Edited by Frederique Dahan and John Simpson
Chapter 11: Challenges in Implementing Secured Transactions Reform in Latin America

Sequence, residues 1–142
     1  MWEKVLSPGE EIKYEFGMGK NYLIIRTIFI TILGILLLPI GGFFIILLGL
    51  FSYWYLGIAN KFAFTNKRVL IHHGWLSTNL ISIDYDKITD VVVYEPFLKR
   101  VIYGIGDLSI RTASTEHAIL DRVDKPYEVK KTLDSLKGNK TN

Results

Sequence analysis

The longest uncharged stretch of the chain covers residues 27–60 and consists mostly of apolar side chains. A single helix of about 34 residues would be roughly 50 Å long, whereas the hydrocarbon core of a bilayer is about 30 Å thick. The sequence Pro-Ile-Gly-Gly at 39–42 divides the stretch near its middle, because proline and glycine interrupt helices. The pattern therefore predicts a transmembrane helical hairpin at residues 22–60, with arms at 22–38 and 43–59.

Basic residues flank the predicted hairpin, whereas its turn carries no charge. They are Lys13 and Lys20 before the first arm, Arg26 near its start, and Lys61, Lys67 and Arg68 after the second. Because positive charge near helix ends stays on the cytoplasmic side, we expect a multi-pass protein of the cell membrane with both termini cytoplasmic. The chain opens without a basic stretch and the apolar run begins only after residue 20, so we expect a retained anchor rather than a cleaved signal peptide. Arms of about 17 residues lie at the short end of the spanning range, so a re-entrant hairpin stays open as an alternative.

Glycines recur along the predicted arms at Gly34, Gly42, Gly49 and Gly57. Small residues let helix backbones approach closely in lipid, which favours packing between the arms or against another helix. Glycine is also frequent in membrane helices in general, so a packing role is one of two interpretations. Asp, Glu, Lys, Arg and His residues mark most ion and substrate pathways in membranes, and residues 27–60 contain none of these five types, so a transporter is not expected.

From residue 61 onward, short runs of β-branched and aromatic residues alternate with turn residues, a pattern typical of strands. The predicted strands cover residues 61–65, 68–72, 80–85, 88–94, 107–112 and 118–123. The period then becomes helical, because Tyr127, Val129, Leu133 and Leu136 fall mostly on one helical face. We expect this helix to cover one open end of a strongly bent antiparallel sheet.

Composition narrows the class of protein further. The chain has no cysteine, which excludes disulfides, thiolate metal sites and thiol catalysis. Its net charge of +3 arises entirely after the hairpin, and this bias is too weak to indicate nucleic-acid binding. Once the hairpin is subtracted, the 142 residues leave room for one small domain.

Nuria de la Peña* The lack of an eﬀective framework for secured transactions in Latin America substantially limits its economic growth, as has been well emphasized in the preceding chapters. Legal restrictions on the use of collateral, moreover, reinforce the inequality in the distribution of wealth. The laws and institutions that support the use of collateral work well only for owners of real estate who have clear title to their land. Wealthy landowners have better access to credit, enabling them to add more easily to their wealth. This defective system of collateral most hurts those who are already disadvantaged – indigenous people, women and the disabled – the groups most heavily represented among the landless and holders of untitled land. A major problem is the lack of an eﬀective framework for using movable property as collateral for loans. Only new motor vehicles and titled urban real estate are readily accepted as collateral. Yet new motor vehicles represent less than 0.5 percent of the capital stock. Micro, small and mediumsize enterprises typically have 95 percent of their assets in movable property * The arguments set out in this chapter were ﬁrst presented at the International Conference on Collateral Reform and Access to Credit, London, August 2006, sponsored by the EBRD and the World Bank. The views expressed in this chapter are solely the author’s and do not represent the views or opinions of CEAL or the governments, institutions or countries it represents. The author thanks her associates Fernando Cantuarias, Heywood Fleisig,...
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